I watched Squid Game in a span of 2 days amidst a busy work schedule. Though there are plenty of films and TV series left for me to binge-watch, the hype around the series drew me in. The Korean Netflix series broke viewership records around the world with its compelling storytelling.
Squid Game succeeded in terms of being an edge-of-the-seat with a strong social angle to it. A group of impoverished people chose to play a deadly game because their lives and circumstances were at better odds in there when compared to the “hell” they were living in.
Men and women who were “invited” to participate were in deep debt. Some faced death threats, were on the verge of imprisonment, starving and had large bills to pay. They played six different “children’s games” and losing them meant death. And the prize money was added by the number of people who fell. Since there are 456 players, the winner gets a ₩45.6 billion prize.
The first “Red Light, Green Light” game is undoubtedly the best out of the six because it was more than enough to show what they were against, the brutality of their hosts and what their chances were to survive.
The direction, background music, editing and acting by the main cast members were amazing. Anupam Tripathi won hearts with his depiction of Ali, the only guy with an innocent heart. Lee Jung-jae carried the show as the lead Gi-hun. Masked antagonists were creepy and brutal. They established what they were and that they could not be messed with.
Sadly, where the series went wrong was in its depiction of women.
When I started watching the show, I knew that it wouldn’t be state-of-the-art feminist storytelling. Still, it is sad that the depiction of women can’t go beyond the same stereotypical tropes seen repeatedly for decades.
For me, the most interesting character was that of Kang Sae-byeok (Jung Ho-yeon), the only woman amongst the main four cast members. Sae-byeok has a brother to take care of and a mother who is stuck in North Korea. She is shown as a slick, clever and daring woman.
She is a pickpocket who got away with it. She holds her breath long enough when the Squid Game team uses sedating gas on the players to stay awake and slip a knife into her pocket. She courageously tries to find out what the makers were doing next.
I was genuinely hoping that the makers would go somewhere with her. As someone with a promising backstory and strong start, I expected her to have prominence and more to do in the series.
But nope. Sae-byeok becomes almost silent in the plot later on. When men were ranting about how the presence of women makes their team weak, Sae-byeok resigns herself to the idea. She is not seen making any plans or clever moves herself. I was rooting for her to make it till the end after a character sacrifices herself for her, only to see her fall victim to my least favourite trope—fridging.
Fridging is a form of storytelling where the female characters are affected by injury, raped, killed or depowered as a plot device to motivate their male counterparts’ arc. Fridged women are denied their own motivations or character arcs.
Sae-byeok’s death becomes a motivator for the two main male leads, Sang-woo and Gi-hun. Sang-woo kills her so that she doesn’t “join” Gi-hun and stop the game through voting. Sae-byeok’s arc becomes something for Gi-hun to fulfil only.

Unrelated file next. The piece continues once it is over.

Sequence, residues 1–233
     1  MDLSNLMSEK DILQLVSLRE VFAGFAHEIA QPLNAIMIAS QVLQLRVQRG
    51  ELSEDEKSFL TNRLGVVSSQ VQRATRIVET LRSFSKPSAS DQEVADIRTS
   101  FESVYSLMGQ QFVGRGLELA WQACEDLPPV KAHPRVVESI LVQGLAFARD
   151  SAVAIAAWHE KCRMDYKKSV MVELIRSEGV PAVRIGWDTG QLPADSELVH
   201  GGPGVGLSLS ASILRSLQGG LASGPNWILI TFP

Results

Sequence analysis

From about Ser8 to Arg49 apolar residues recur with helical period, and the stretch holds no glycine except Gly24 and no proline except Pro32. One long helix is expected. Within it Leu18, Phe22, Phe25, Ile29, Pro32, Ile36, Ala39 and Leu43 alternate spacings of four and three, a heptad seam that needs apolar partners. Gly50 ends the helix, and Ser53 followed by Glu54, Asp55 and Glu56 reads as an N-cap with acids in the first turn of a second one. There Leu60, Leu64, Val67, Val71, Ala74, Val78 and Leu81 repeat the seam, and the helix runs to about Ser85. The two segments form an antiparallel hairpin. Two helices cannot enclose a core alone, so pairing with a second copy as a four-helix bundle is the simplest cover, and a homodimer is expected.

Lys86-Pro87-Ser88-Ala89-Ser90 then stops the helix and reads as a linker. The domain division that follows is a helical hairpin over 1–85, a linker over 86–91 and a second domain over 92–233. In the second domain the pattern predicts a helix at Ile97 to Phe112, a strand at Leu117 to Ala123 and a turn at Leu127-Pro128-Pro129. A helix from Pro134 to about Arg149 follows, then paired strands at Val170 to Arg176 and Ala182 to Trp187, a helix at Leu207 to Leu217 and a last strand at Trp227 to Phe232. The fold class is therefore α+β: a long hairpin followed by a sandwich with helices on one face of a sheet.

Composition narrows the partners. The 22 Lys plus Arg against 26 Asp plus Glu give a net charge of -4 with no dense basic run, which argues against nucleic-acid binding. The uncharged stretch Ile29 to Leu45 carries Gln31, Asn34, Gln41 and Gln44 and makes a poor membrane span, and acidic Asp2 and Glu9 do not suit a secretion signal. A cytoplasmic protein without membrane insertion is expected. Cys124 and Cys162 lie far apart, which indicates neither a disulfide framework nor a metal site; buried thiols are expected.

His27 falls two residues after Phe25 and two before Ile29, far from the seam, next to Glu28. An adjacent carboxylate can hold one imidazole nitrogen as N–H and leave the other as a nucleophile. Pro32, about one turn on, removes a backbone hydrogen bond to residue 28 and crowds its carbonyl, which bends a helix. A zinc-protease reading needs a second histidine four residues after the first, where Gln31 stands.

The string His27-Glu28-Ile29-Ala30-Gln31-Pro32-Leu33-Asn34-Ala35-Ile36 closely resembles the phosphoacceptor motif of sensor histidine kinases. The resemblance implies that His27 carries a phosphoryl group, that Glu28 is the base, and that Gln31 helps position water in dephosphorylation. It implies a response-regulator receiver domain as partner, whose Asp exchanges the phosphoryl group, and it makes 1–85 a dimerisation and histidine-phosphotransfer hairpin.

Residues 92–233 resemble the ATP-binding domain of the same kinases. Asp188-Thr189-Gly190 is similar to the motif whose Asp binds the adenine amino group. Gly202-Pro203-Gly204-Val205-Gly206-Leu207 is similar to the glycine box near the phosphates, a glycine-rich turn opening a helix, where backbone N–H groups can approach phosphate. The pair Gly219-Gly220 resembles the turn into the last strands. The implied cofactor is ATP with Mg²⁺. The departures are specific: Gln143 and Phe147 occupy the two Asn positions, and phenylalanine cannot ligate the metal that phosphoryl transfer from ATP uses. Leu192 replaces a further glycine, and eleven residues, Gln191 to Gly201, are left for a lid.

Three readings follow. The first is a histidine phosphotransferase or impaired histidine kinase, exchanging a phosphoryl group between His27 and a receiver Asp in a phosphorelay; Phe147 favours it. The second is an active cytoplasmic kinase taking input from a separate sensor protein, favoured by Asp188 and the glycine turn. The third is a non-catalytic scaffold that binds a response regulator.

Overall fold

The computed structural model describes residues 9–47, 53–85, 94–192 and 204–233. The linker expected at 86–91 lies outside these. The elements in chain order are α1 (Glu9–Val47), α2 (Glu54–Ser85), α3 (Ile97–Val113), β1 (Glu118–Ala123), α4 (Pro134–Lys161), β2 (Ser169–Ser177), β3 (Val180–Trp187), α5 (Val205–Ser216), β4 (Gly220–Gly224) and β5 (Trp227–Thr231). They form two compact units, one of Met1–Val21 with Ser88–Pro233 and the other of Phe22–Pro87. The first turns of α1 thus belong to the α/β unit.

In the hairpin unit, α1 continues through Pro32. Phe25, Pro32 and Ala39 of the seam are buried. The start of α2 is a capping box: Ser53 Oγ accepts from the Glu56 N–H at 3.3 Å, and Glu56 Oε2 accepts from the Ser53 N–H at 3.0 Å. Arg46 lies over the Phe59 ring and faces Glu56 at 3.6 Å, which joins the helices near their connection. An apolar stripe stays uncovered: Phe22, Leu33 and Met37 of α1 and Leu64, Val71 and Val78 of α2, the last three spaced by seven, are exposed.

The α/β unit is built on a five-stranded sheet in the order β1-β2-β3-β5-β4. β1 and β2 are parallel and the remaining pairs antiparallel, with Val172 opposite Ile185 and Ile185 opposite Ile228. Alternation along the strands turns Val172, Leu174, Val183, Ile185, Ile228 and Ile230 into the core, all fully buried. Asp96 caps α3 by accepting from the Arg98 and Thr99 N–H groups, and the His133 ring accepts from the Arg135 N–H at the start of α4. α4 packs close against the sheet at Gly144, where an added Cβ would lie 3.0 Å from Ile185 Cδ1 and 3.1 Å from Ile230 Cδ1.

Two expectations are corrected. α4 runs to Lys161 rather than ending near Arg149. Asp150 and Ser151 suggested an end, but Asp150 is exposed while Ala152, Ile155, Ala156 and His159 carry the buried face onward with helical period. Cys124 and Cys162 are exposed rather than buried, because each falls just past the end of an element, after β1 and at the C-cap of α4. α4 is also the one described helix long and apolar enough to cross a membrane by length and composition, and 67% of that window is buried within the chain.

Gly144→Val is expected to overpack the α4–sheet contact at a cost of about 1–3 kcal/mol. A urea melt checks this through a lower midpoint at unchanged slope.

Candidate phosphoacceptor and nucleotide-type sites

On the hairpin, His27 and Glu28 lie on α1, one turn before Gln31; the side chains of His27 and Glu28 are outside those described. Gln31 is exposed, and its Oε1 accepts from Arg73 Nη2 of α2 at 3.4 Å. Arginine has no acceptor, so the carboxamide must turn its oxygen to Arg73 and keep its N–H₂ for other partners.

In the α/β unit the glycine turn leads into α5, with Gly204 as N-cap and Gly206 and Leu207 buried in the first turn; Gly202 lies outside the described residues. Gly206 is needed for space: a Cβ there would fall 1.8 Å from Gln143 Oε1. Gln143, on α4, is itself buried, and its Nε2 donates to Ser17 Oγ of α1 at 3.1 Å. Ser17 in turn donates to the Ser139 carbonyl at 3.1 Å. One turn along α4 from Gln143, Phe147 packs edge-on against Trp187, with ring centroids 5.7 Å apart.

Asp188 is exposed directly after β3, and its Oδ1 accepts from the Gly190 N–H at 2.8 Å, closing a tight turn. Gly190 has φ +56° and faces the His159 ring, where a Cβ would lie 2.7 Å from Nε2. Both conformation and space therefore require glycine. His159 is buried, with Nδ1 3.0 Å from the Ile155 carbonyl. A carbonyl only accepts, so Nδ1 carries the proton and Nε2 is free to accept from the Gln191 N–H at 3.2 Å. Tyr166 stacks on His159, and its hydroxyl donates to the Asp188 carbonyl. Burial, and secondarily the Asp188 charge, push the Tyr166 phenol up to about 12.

Squid Game established itself as a gender-sensitive scenario where the characters explicitly tell each other that having women in their team meant “they are dead”. Players are left to assume whatever they play next requires physical strength. Men are stronger than women. So, players make the team by removing or disregarding women as much as they can.
In a way, it is obvious what the makers were going for. The games were not necessarily about physical strength alone. The “tug of war” game, for example, can be won with proper planning, strategy, teamwork and leadership, even if the opposite team has “wrestlers”. We see a team with three women and an old man win against a group of all-men.
Similarly, in the next game, again, we see men teaming up as much as they can. But the tables are turned against them as they had to play against each other. One woman who wasn’t taken as a teammate by men was given the privilege to not participate in the game at all.
But, women don’t get their own say in anything. We see men talking, strategising, even making major decisions. Women are barely seen making such decisions. The only moment that had a woman make a decision became worthless because the person she sacrificed for dies.
Women are shown to be the first few people to beg for their lives after the first game. Sexual assault within the system is simply brushed off without any further mention. In fact, rape is used as a narrative to differentiate between authorities’ treatment of women and men.
Han Mi-nyeo (Kim Joo-ryoung) was shown as slick and clever. Still, she was reduced to an annoying woman stereotype who was betrayed by the man with whom she shared her body.
For a series that showed the antagonists’ trying to bridge some kind of social gap with their game where everyone gets to be “equals”, women are sidelined, silenced, fridged, raped and underrepresented. Not that I expect the team who mercilessly kill losers to be sensitive about the gender gap, but for the makers, the irony is right there.
I know that filmmakers worldwide are trying to bring more women to the front around the world after generations of mistreatment and disregard by studios. After 2015, I have witnessed more movies and stories about women by women. Even in male-centric stories, there are women with a proper arc and characterisation.
I am not familiar with Korean filmmaking and how much they have progressed in terms of gender in cinema.
Squid Game, the most-watched Netflix show currently, doesn’t have a proper depiction of women. That itself says something. It is sad that this is how things are in 2021.
Women in Squid Game deserved way better.